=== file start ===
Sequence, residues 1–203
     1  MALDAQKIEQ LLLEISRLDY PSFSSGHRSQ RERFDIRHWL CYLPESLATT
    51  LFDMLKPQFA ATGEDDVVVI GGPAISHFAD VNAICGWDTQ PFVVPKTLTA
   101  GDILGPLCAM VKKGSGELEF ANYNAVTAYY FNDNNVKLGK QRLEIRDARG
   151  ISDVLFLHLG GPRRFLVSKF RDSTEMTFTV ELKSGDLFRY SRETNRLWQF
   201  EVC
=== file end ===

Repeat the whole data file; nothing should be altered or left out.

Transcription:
Sequence, residues 1–203
     1  MALDAQKIEQ LLLEISRLDY PSFSSGHRSQ RERFDIRHWL CYLPESLATT
    51  LFDMLKPQFA ATGEDDVVVI GGPAISHFAD VNAICGWDTQ PFVVPKTLTA
   101  GDILGPLCAM VKKGSGELEF ANYNAVTAYY FNDNNVKLGK QRLEIRDARG
   151  ISDVLFLHLG GPRRFLVSKF RDSTEMTFTV ELKSGDLFRY SRETNRLWQF
   201  EVC